instance, many of you probably think that the drive-in movie
phenomenon died abruptly at the end of the 1950s. Wrong!
And a great debt of thanks is owed producer Sam Sherman
for his attempts to pump fresh blood (play on words intended)
into the waning institution. Throughout the 1970s, Sam's
Independent International productions lit up drive-in screens
with such lurid titles as 1971's "Horror of the Blood Monsters,"
a crazy pastiche of color-tinted B&W footage culled
from a Filipino caveman film, stock shots of lizards and
men in dinosaur suits we've seen a zillion times elsewhere,
and crudely staged new scenes concocted by Sherman's most
notorious partner in crime, director Al Adamson. (Adamson
was murdered in mysterious circumstances a few years back,
but that's grist for another treatise.)
Easily the best feature of the DVD release is Sam's audio
commentary. The uninitiated might expect the recollections
of an embittered B-movie "genius" whose work was misunderstood.
Wrong again! Sam is terrific! Affable, wry and self-effacing,
sarcastic but rarely at the expense of the people behind
the scenes, he recognizes the film for what it is, a "mish-mosh"
(to use his phrase) drawn from disparate sources that all
involved hoped would turn a profit. His insights make it
worth your while to endure the film. Case in point: When
it came time to concoct a title, he sat down with pen and
paper and made a list of all the words appropriate to the
genre, deciding that the three most marketable were "monsters,"
"horror" and "blood." He scrambled the order of the words
and, voila! At one juncture, Sam realized that red, blue
and green-tinted Filipino filler, padded with endless Adamson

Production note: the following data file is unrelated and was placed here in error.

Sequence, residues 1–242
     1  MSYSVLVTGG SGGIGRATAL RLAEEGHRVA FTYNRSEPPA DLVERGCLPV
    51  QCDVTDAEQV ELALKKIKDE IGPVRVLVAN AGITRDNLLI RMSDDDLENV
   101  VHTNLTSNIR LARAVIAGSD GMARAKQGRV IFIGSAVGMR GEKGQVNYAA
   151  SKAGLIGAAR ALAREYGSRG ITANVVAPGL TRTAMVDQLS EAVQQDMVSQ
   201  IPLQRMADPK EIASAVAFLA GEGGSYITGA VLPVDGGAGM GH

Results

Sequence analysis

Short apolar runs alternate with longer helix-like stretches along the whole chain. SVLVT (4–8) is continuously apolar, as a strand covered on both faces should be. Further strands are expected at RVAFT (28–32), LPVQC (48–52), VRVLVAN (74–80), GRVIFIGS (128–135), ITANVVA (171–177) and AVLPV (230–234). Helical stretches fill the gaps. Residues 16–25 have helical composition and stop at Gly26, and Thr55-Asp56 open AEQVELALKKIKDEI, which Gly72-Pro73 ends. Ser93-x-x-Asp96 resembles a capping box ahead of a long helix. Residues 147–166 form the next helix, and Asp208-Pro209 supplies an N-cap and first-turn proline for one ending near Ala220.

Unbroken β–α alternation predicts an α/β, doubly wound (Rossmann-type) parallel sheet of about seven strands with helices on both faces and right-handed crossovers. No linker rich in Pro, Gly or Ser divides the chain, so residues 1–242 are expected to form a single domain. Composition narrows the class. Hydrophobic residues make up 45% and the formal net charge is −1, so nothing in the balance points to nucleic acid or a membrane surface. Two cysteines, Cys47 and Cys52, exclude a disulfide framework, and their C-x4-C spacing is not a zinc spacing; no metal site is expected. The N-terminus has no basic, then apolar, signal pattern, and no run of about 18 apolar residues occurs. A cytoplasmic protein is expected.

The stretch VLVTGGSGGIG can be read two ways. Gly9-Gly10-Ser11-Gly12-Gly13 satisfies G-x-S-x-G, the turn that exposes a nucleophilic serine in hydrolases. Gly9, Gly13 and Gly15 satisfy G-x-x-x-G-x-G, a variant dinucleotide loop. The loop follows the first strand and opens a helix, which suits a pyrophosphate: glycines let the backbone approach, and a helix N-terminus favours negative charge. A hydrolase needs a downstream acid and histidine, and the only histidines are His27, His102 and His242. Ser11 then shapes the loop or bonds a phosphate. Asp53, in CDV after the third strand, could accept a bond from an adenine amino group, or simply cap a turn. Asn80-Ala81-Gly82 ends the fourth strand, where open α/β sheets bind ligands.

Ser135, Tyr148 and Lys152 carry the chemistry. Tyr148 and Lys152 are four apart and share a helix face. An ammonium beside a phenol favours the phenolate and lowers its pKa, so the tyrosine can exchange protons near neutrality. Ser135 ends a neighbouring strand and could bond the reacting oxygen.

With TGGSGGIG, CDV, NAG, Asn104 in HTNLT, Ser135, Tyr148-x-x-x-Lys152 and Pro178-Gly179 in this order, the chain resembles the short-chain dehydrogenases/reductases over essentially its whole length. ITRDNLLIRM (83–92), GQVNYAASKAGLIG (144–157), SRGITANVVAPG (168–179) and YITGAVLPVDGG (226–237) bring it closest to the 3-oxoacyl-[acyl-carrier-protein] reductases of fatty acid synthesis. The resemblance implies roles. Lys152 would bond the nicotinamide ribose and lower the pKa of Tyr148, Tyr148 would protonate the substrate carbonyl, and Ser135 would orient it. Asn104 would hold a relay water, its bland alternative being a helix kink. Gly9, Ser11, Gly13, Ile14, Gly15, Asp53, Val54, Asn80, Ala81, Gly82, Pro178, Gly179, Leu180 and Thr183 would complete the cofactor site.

scenes of people walking, stopping, talking and walking
some more, didn't make for a very coherent package. At Sam's
request, Adamson rounded up family and friends and took
to the streets of L.A., where they filmed themselves as
vampires putting the bite on innocent citizens. These new
scenes were tacked onto the existing film. Apparently, the
ludicrous narration overdubbed by cult-figure Brother Theodore
was supposed to explain how footage of cave-dwelling Filipino
vampires and David Hewitt's space effects from "Wizard of
Mars" ended up in the same film. The icing on this curious
cult-movie cake is the presence of John Carradine as a pontificating
scientist, gnawing the scenery to shreds, as usual.
"The Mad Doctor of Blood Island" himself, Ronald Remy,
portrays a vampire named Marco in the 1966 cheapie "The
Blood Drinkers." Marco is a vampire who sets up shop in
the hamlet that is home to the twin sister of his beloved.
The twin is near death, and Marco wants to snatch her still-beating
heart and install it in the dormant chassis of his girlfriend.
The ingredients are all here: the superstitious townsfolk,
torch-bearing mobs, the lusting, thirsty troupe of vamps,
funeral coaches and spooky mansions. In short, an enthusiastic
effort on the part of director Gerardo DeLeon and his Filipino
film team to recreate a Euro-Gothic milieu amid a jungle
backdrop with the most meager funds. We applaud them for
this. But jarring shifts between atmospheric, tinted, black
and white footage, and full-color stock that looks too much
like it came from a South Seas travelogue, tend to undermine
credibility. Even so, if you're a vampire/Goth-film completist,
you may find it good, gory fun.
Producer Sam Sherman and director Al Adamson were still
cranking out drive-in product such as "Doctor Dracula" as
the 1980s dawned, and it's interesting to note that, while
this film is more polished than, say, "Horror of the Blood
Monsters" (it would HAVE to be), it is also far less interesting.
Adamson had matured a bit as a director, blocking scenes
more effectively (though in one poorly cropped shot, a wayward
boom mike descends into frame and lingers for several seconds),
but the film has the drab look of a shoddy TV movie that
no one seemed particularly interested in making. While there's
no commentary track accompanying its DVD release, Sherman
could have employed the same term he used to characterize
Blood Monsters: "Mish-mosh." Muddled and confusing, it's
as though two films are running at once and the audience
has no choice but to wait until they converge.
The premise is mildly intriguing. It seems that Svengali
(treated here as a real person rather than a fictional figure)